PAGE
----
Fresenius Medical Care North America, which provides dialysis treatment for more than 200,000 patients in all 50 states, has teams in place to handle any type of natural disaster. The Waltham, Mass.-based company has established incident command teams at seven locations around the country. These teams have had to respond to everything from Hurricane Maria, which pummeled Puerto Rico in 2017, to a 7.0 magnitude-earthquake that struck Alaska in November.
Team leaders speak every two weeks throughout the year, receive regular training, and participate in community disaster drills, according to Bob Loeper, vice president for operations support and disaster response.
When Hurricane Florence threatened the Southeast in 2018, Fresenius' disaster response team from Mobile, Ala., set up a staging area outside Atlanta. The team was equipped with water, diesel fuel, generators, food and its own security.
"We're the first ones in and the last ones out," Loeper says. It's crucial for Fresenius to get its clinics back up and running as soon as possible so it can provide life-sustaining care for patients under treatment for kidney failure.
It's also important to provide employees with whatever assistance they might need. "If we don't take care of our staff, we can't take care of our patients," Loeper says.
Fresenius, which has 60,000 employees, provides housing, car rentals, gasoline, food, scrubs, generators and other supplies for employees in need. The company also offers stipends for workers who have extra child care expenses because of a disaster.
And even if clinics are temporarily shut down, employees are paid. "You aren't hurt financially when a clinic is closed," Loeper says.
The HR department maintains a list of volunteers who are ready to step in and relieve staffers. "The company really comes together strong," he says.
Fresenius is also skilled at improvising. When the extreme flooding from Hurricane Harvey stranded Houston residents on their rooftops in 2017, the company bought boats in Mobile, Ala., and brought them to Texas, and also teamed up with a local duck boat tour operator, to rescue patients stranded in their homes.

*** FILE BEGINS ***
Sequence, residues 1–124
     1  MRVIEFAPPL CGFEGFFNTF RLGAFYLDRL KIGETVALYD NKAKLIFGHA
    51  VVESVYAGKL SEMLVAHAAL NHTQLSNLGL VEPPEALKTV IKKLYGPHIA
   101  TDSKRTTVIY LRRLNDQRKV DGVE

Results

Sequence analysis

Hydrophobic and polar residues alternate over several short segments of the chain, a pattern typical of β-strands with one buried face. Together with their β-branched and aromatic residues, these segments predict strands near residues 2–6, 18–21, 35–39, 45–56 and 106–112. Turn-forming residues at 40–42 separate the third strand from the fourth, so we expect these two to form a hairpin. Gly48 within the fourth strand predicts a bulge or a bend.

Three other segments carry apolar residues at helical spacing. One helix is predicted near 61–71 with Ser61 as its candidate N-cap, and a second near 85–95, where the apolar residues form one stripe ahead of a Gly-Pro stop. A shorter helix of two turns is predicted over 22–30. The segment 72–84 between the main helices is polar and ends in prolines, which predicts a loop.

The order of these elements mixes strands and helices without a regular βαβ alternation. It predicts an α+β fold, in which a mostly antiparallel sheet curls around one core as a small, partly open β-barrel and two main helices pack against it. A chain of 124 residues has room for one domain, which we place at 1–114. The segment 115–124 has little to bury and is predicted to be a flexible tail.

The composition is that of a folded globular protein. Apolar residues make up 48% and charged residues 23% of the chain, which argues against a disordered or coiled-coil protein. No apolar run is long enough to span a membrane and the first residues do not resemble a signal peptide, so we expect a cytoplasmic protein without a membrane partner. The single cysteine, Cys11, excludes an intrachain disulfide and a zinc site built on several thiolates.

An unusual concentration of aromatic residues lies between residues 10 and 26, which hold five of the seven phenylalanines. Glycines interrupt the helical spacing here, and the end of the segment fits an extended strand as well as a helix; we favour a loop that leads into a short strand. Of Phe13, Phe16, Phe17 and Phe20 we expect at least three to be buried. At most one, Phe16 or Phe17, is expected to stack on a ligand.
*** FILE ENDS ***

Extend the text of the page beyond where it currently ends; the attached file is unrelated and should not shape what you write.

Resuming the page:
After a disaster or a drill, the teams assess what went right, what went wrong and where the gaps were, Loeper says, and then assign people to address those flaws.
Down the Road
Some disasters might destroy businesses or leave employees' homes uninhabitable. After Hurricane Irma raked Florida in 2017 and Hurricane Michael devastated the Florida Panhandle in 2018, some Publix employees were displaced either temporarily or permanently. As a result, Brous says, some either moved to other areas and were able to work at stores in their new location or went on long-term loan to other stores.
One manager, who was on vacation when the storm hit, came back early to help dozens of employees get back into their homes, Brous says. Other employees worked extra hours so their co-workers could focus on getting their lives back in order.
For some employees, she notes, working was a way to take their minds off the storm damage, while others wanted to work to support their community during the difficult time.
Gail Blanchard-Saiger, CHA’s vice president of labor and employment, says it's important to have ongoing psychological support for employees who have gone through a natural disaster. "Six months to a year later, people are still traumatized by it," she says.
One hospital offered a spa day onsite, with free massages and time to relax with coffee, she says.
To gauge how they handled their response to Hurricane Florence, CastleBranch executives held a town hall meeting afterward, seeking input from employees on what they did well and what needed improvement.
That information was used to help revise the company's disaster plan. "You can't stay with the plan you had even last year," MacDonald says.
Susan Ladika is a freelance writer based in Tampa, Fla.
SHRM provides resources to help companies more effectively more effectively prepare their employees and their workplaces for a natural disaster.
Toolkit: Managing Through Emergency and Disaster
While many organizational officials view emergency and disaster planning as purely a function of risk management and safety professionals, human resource management plays a key role in planning for any disaster or emergency.
Policy: Emergency Evacuation Program
A sample policy for workplace building evacuation.
Express Requests: Hurricane Preparedness
HR plays a key role in planning for any disaster or emergency, whether that involves staffing and workforce planning, training, reorganization, or revising plans and policies to accommodate changing needs and priorities.
Workplace Weather Disaster Resources
Employers must be prepared for a myriad of workplace issues that crop up before and after severe weather strikes.